Mayor hits hauliers with air pollution challenges

Newly-elected London mayor Sadiq Khan has dealt freight operators a triple whammy of tough air quality proposals for entering the capital, one week after taking up his position at City Hall.

A pending consultation will include a series of measures to drive down harmful emissions from road transport across the capital.

These include extendingthe Ultra-Low Emission Zone (ULEZ) to the North and South Circular roads beyond its previously proposed reach within the Congestion Charging zone, as well as bringing forward its roll-out to before 2020.

This will mean all vans and trucks will need to be Euro-6 to avoid paying a daily charge of £100 for HGVs and £12.50 for vans to enter the ULEZ.

From 2020, these same standards will also apply to HGVs across Greater London.

Khan also proposes an extra charge on the most polluting vehicles entering central London using the Congestion Charge payment and enforcement system from 2017, although no details have been released as to the measure for this yet.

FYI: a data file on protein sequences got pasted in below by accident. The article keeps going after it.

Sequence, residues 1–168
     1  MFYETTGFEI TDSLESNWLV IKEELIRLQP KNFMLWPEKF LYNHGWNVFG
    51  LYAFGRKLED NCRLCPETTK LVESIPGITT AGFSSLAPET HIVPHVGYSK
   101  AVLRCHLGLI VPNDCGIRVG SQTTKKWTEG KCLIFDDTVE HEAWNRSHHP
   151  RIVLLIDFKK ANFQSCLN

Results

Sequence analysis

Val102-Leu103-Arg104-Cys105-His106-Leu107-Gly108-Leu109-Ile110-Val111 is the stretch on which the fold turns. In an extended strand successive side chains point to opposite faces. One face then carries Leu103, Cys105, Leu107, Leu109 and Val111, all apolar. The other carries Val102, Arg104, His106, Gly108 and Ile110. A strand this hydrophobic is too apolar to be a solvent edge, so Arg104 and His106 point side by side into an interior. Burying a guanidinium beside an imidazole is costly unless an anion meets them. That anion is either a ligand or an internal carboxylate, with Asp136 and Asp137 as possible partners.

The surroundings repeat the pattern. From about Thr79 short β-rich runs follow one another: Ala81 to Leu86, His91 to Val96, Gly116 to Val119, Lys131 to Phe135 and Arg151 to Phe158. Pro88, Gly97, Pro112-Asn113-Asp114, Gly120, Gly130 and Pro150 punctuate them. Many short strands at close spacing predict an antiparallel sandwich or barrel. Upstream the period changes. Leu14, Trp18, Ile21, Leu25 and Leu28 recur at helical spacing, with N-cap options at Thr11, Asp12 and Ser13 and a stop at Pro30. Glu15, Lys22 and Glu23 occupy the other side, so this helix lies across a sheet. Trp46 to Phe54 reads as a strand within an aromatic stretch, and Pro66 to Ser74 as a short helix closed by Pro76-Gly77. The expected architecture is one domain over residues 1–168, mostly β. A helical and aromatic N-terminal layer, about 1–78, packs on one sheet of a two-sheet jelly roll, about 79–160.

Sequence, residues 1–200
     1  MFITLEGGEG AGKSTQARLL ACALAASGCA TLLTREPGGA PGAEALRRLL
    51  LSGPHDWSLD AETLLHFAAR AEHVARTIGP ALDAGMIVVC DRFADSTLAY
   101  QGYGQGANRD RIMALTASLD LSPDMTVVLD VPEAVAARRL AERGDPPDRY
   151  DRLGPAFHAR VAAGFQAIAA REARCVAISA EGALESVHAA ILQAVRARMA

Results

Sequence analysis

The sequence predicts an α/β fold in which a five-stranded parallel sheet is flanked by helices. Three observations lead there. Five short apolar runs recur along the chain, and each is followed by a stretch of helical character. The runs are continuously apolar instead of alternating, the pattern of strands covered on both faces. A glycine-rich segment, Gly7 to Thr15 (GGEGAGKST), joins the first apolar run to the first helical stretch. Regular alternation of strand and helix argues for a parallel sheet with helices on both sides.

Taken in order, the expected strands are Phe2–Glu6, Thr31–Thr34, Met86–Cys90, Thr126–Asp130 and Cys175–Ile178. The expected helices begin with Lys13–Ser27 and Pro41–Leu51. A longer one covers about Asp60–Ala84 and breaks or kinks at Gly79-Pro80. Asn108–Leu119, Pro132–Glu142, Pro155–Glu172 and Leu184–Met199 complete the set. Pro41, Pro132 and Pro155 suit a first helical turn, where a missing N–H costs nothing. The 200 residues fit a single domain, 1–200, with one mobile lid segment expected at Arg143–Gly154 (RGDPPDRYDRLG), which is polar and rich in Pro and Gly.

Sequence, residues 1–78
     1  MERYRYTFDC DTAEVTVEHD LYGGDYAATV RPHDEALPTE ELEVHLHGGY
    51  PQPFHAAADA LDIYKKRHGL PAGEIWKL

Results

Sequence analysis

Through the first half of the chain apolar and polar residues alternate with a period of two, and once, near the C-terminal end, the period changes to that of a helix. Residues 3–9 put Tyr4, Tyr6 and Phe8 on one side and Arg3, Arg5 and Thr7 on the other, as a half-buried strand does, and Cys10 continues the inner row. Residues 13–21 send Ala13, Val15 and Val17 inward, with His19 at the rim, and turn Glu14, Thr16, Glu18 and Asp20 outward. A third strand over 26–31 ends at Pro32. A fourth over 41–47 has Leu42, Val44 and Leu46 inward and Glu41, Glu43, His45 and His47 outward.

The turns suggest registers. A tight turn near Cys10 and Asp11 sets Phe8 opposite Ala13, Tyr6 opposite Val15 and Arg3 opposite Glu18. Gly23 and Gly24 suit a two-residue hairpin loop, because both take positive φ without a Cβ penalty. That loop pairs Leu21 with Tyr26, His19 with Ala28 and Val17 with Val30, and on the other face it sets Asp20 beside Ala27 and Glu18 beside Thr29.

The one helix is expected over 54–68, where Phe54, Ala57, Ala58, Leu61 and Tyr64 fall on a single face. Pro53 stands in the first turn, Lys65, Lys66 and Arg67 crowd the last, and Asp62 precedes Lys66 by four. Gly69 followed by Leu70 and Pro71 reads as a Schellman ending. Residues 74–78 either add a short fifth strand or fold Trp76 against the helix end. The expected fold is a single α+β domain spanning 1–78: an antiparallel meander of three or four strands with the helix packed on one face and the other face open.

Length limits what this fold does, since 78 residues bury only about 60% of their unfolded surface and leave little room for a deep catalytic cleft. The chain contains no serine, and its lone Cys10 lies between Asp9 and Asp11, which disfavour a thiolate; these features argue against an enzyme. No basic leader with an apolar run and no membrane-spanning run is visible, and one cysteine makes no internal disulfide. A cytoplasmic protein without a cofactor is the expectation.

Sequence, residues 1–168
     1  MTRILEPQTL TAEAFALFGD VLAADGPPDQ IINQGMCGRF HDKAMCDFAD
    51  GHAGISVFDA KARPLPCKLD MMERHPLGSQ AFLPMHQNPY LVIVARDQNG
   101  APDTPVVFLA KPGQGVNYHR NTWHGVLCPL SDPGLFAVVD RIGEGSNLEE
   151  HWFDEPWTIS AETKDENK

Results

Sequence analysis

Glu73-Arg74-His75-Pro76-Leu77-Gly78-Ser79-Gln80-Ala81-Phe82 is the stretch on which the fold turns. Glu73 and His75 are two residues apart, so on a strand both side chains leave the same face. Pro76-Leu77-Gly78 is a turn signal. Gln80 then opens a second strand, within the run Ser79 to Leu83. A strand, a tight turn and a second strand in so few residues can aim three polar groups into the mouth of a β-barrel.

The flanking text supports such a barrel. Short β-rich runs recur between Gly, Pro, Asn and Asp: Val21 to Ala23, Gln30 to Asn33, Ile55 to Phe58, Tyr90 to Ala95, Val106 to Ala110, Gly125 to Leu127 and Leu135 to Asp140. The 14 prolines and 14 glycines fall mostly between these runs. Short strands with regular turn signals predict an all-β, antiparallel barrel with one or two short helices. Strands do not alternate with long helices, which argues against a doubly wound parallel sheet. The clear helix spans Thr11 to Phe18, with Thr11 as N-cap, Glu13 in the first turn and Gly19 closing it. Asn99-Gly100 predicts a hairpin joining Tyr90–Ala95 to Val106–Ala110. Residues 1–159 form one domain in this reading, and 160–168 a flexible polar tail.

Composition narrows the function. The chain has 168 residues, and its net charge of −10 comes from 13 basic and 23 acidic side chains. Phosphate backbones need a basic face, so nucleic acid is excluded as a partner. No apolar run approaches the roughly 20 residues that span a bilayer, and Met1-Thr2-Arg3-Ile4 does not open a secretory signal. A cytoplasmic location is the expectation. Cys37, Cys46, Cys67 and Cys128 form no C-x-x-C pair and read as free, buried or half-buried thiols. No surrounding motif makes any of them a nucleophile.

The FTA has slammed the proposals, saying they would add substantial cost to London businesses and may even put some smaller firms at risk of closure.

FTA head of national and regional policy Christopher Snelling said: “Freight operators and the service industry could find themselves being charged extra for their vehicles before they have had any reasonable chance to upgrade.”

He added that the tipping point where such regulations become less problematic is about eight years after the latest Euro standard has been introduced and between one-third and half of the fleet is compliant and a buoyant secondhand market has developed. However, for trucks, Euro-6 only came in less than three years ago, and for large vans it does not start until September this year.

Snelling added: “If we are to avoid increasing costs for consumers, businesses will need significant financial help to adopt these standards this early. It is imperative that the mayor looks at carrots as well as sticks.”

BVRLA echoed the FTA’s concerns over the new ULEZ timetable, which could punish a large number of companies that have already made fleet plans based on the original 2020 roll-out date.